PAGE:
# Tuesday, January 23, 2007

So.. you've got this cool Pocket PC .Net CF 2.0 application, which reads off a SQL Server Compact Edition database, everything works fine when you're in debugging mode, then as you're testing the app you get the dreaded OutOfMemory exception thrown when you try to open a connection to the database.

You go to the memory app under settings and notice that the Pocket PC only has 1MB of program memory left, obviously it can't load the SQLCE runtime AND do your queries at the same time. You hit the running programs tab and select close all, but you don't expect a user to do that. There must be a better way to do this!

The OS is supposed to close applications in low memory situations, but exactly how low is LOW? Gleamed from the Pocket PC SDK we find this little tidbit:-

The Shell in a Windows Mobile-based Smartphone sends WM_CLOSE messages if there is less than 128 KB of free memory. The shell does not send WM_CLOSE messages if you ask for more memory than is available. For example, the Smartphone does not allocate 200 KB of memory if it only has 190 KB free. Instead, the shell displays an Out Of Memory dialog box to the user.

Wow.. 128KB is what the OS considers to be low... so what can we do about it? Well we call the function which the snippet above was taken from, SHCloseApps. What this API function does is that you pass the amount of memory you want and the OS will keep sending WM_CLOSE messages to applications until the memory requested is achieved. To use the function in your PPC program first you need to declare the P/Invoke in your class (For C# examples.. well start reading the documentation on how to do P/Invokes!)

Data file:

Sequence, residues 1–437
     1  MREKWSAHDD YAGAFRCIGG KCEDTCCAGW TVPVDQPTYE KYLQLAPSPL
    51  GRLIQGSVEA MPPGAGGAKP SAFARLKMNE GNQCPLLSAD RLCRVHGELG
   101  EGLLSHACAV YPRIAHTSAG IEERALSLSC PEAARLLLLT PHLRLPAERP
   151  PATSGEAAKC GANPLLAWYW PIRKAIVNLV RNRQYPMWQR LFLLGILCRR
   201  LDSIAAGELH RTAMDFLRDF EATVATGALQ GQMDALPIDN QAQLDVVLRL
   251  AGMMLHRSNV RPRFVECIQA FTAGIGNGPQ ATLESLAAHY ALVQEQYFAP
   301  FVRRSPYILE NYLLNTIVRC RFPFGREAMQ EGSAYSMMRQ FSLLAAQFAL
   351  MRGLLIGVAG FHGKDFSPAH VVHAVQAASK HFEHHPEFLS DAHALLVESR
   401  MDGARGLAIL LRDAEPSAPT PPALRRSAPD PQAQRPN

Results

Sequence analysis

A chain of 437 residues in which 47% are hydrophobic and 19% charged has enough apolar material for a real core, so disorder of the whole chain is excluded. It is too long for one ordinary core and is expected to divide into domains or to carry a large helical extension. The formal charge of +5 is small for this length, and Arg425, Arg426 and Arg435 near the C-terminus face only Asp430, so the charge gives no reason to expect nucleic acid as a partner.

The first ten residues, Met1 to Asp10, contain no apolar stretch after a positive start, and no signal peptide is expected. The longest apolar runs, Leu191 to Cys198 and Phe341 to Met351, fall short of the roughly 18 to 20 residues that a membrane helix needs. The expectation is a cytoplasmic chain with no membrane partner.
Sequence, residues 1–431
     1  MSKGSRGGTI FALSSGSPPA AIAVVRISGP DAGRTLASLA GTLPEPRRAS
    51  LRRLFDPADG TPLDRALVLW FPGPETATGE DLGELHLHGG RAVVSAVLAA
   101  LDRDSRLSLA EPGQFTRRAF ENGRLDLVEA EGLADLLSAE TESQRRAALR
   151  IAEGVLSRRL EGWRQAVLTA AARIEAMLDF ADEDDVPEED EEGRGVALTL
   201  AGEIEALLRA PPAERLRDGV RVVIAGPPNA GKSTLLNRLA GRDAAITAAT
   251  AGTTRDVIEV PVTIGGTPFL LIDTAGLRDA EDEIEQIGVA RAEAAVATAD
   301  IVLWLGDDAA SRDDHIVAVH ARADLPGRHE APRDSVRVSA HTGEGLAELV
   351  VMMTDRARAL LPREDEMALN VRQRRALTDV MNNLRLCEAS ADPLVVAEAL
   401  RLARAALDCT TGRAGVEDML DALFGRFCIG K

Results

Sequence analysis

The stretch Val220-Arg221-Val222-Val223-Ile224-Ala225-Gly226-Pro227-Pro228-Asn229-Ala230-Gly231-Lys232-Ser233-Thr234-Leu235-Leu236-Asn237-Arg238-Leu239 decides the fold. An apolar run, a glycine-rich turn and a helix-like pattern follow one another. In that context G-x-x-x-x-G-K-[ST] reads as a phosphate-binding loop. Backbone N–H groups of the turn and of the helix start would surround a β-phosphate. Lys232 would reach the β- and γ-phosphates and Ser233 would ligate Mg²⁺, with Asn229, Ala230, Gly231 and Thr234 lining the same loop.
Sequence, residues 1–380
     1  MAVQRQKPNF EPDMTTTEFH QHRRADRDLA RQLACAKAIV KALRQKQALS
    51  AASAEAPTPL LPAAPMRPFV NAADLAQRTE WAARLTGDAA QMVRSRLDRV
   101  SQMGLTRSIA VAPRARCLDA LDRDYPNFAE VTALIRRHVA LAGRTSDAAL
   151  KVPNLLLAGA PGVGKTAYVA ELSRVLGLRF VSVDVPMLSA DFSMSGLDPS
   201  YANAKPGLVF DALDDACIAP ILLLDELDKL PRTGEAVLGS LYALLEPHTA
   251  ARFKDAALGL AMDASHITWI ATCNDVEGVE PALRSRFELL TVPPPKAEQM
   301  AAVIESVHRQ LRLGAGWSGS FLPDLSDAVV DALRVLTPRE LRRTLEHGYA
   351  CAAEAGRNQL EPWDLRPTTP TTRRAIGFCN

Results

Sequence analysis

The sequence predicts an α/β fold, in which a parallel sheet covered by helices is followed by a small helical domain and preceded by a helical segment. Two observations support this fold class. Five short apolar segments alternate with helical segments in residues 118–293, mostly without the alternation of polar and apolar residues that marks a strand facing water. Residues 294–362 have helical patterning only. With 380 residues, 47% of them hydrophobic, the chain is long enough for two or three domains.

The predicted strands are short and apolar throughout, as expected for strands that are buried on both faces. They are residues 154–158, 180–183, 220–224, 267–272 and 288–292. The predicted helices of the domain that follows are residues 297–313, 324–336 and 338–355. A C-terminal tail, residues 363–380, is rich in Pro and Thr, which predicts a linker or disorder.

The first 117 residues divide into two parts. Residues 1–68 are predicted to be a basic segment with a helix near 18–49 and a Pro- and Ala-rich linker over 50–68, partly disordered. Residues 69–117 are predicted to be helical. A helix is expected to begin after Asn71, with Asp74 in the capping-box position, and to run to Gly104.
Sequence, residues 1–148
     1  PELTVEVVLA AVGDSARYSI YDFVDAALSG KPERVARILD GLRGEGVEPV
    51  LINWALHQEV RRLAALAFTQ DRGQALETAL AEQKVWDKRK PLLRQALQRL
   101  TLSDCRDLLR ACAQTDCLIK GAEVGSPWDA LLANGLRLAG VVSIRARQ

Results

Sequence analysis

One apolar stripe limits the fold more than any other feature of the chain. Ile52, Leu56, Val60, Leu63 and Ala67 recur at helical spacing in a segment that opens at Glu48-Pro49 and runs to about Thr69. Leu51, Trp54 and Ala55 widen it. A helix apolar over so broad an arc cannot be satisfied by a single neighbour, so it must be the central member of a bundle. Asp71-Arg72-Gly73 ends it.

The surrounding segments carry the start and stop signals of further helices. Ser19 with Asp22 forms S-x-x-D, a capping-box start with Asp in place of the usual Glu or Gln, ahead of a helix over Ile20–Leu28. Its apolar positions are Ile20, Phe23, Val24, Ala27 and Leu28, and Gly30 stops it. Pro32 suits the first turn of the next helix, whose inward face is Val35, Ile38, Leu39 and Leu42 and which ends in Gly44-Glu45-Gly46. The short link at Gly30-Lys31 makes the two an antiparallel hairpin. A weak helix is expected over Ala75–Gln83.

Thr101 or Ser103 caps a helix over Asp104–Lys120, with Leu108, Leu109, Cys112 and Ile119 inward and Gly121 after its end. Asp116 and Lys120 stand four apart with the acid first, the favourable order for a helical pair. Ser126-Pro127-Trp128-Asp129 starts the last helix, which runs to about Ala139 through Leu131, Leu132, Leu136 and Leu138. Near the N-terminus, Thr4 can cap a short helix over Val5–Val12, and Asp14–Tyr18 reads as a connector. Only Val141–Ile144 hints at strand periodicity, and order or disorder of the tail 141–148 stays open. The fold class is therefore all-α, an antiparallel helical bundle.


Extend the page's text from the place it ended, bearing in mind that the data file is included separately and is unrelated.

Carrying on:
Public Declare Function SHCloseApps Lib "aygshell" (ByVal MemorySought As Int32) As Boolean

Then when you need to, just call the function with the number of bytes of memory you need.

SHCloseApps(5000000)

Simple and gets the job done, before I did this my app kept getting OutOfMemory exceptions (no thanks to the RSSReader, GPS Map program AND Pocket IE) during execution. Now it just works... like it should.

PS. Here's another tip, you might want to use this function if you ever want the user to take a picture with the device's builtin camera, cause they usually need about 1~2MB to take a 1MP picture, so be sure to free up some memory BEFORE you show the picture selector dialog box.


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